If you know anything about Westerville, you likely know that it is historically a bad place to drink. The town passed an ordinance in 1859 prohibiting all alcohol sales. People in Westerville were pretty serious about this ordinance – twice in the 1870s, Henry Corbin attempted to open a saloon, and the townspeople blew it up with gunpowder both times! The Anti-Saloon League even moved its national headquarters to Westerville in 1909, and the town was proclaimed to be “The Dry Capital of the World.” GROSS!

Temperance Row Brewing Co.

Westerville is better now, and those visiting Uptown Westerville can find a variety of watering holes. As of December, 2014, one of those spots is the Uptown Deli and Brew, home of Temperance Row Brewing. Temperance Row, although relatively new, has its own bit of history, as its head brewer is Columbus beer legend Scott Francis. Francis has been helping homebrewers at Clintonville’s Winemaker’s Shop since the ‘70s, and he was the first brewmaster at Columbus Brewing Company in the late ‘80s and Barley’s starting in the early ‘90s, so he certainly has played a critical role in the development of the Columbus brewing scene.

Temperance Row Deli

Uptown Deli and Brew/Temperance Row is a beautiful space. You enter off State Street into the deli. The deli space is brightly lit with large floor to ceiling windows along the sidewalk. White subway tiles and paneling line the walls. There is a large wraparound deli case filled with meats and cheeses, and there are a few booths and tables around the edges where you can get a sandwich. If you walk to the back of the deli space, you find yourself in Temperance Row. The bright lights and whiteness are gone, replaced with a dimmer, more bar-like atmosphere. You walk past a few tables and booths to a large, boomerang-shaped concrete bar, behind which are windows to the brewery. The walls are lined with the most depressing pictures of booze and beer being dumped into drains or smashed with hammers. It’s enough to make you want a drink.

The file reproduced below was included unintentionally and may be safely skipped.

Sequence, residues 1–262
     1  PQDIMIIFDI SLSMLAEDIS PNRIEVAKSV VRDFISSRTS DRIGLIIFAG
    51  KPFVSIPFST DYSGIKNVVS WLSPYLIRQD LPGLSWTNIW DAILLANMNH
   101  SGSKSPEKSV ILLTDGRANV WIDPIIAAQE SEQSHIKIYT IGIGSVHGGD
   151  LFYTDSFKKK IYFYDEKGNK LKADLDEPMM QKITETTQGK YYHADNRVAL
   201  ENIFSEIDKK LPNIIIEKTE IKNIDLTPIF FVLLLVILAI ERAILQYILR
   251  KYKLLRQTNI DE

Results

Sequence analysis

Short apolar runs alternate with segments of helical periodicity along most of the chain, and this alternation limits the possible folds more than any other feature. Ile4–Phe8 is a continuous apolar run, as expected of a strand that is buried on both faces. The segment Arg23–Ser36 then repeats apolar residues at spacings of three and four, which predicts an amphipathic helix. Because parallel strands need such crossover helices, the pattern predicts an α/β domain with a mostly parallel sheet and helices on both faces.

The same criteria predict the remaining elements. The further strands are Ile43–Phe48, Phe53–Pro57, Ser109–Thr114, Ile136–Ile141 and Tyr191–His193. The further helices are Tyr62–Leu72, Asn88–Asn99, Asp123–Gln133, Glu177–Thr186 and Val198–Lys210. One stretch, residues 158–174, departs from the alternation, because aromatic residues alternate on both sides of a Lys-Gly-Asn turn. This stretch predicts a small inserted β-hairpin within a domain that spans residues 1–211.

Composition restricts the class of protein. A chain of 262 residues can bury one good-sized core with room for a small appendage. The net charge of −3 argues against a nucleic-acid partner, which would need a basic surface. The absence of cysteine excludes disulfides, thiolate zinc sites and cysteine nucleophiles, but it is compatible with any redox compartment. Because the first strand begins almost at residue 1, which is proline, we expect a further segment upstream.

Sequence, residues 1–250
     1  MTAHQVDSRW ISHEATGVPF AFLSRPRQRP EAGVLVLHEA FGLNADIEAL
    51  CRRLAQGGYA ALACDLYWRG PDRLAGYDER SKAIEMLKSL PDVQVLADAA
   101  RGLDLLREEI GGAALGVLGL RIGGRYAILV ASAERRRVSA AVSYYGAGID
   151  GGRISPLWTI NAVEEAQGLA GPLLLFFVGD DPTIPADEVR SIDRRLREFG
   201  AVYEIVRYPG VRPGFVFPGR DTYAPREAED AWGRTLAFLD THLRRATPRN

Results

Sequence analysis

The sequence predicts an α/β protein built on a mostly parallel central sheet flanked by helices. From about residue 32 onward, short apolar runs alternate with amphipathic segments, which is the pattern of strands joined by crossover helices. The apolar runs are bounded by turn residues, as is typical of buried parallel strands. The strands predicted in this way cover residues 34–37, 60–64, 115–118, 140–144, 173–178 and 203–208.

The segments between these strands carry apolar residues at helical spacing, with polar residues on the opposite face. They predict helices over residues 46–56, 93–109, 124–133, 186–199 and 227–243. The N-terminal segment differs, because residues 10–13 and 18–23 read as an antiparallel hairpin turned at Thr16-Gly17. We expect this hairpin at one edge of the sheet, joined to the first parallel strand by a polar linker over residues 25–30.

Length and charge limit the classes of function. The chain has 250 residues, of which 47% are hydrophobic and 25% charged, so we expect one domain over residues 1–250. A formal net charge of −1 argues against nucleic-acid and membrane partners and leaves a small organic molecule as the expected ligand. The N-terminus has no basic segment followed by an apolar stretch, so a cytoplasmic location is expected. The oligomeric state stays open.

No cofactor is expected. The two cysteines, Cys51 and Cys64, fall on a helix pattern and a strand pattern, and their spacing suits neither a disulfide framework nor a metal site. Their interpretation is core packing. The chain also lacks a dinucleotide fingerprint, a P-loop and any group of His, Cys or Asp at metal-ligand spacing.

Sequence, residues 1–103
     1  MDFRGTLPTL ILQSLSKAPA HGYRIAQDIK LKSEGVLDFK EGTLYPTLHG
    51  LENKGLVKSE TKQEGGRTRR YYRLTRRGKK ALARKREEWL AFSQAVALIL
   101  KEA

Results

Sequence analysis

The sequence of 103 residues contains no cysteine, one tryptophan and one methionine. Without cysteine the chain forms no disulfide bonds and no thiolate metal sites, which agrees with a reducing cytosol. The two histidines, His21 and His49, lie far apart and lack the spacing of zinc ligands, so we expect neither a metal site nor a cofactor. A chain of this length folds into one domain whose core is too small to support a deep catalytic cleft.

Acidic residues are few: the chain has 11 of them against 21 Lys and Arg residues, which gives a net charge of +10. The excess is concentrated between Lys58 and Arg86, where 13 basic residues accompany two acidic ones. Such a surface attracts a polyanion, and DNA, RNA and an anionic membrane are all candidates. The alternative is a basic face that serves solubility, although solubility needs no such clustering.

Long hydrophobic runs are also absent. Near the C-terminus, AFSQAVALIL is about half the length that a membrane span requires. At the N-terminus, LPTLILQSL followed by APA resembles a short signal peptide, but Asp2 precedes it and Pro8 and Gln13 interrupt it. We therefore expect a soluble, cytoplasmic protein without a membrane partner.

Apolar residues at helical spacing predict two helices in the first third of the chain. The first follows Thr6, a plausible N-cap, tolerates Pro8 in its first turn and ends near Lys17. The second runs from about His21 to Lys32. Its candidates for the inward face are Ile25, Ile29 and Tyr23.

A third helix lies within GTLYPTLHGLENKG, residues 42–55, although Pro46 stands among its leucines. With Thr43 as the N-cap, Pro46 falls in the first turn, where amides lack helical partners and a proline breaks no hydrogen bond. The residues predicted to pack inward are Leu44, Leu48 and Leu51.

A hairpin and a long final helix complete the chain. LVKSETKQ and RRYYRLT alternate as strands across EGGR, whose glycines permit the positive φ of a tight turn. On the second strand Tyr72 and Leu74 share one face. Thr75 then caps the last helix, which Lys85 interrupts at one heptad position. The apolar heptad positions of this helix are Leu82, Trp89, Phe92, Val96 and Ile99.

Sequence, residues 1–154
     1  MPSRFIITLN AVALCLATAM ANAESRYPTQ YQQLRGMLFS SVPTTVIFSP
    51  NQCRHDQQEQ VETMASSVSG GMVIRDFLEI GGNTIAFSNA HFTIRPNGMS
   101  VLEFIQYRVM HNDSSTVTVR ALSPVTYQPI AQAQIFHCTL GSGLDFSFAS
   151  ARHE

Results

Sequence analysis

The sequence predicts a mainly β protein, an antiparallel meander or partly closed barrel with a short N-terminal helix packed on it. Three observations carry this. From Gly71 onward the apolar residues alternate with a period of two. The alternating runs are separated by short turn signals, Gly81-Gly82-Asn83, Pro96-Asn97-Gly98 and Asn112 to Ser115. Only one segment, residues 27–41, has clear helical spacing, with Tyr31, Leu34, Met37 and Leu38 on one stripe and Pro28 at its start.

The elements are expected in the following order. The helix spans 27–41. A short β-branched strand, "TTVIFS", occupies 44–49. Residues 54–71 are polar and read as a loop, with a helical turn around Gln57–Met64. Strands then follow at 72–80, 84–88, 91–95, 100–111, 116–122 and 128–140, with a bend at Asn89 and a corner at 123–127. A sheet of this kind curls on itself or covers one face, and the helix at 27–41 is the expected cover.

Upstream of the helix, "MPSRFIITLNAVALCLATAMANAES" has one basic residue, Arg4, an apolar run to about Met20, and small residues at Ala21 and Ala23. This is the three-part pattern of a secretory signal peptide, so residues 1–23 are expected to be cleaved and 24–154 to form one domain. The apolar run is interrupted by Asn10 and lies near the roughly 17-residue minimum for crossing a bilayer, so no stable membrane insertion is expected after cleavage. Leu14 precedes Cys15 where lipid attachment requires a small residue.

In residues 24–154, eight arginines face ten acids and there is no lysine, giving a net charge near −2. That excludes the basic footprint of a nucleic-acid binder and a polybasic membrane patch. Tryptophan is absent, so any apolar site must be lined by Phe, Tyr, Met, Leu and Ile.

Temperance Row Flight

I had a drink, don’t worry. Actually, I had several little drinks, as I ordered a flight of five of Temperance Row’s house-brewed beers. Francis’ influence is clear in these beers, as they lean toward malty, biscuity flavors and traditional English styles similar to many of the offerings at Barley’s. The pilsner is light and relatively sweet with a hint of fruitiness. The Scottish ale is also sweet, but a little heavier and fuller bodied than the pilsner. The IPA is dominated by citrus and is milder and a bit more malt-forward than West Coast style IPAs you frequently find elsewhere – perhaps a good entry point to IPAs for those who are not hopheads. The ESB is bready and sweet. My favorite of the flight was the porter, which is roasty and dark with a hint of sweetness, but not as much as the Scottish ale or the ESB. It is nicely balanced and flavorful without being overpowering. In fact, that is probably a good summary of Temperance Row beers – in an age when many other breweries are in an arms race to make the strongest, most extreme beers with huge in-your-face flavors, Temperance Row has reminded us that an enjoyable glass of beer can be subtler than that.

{In our efforts to spotlight each Columbus-area brewery, we’re sending Doug Oldham to visit every brewery’s tap room. In the coming months, he will attempt to regale you with his experiences. Doug’s opinions are his own and do not necessarily reflect those of the CCBA.}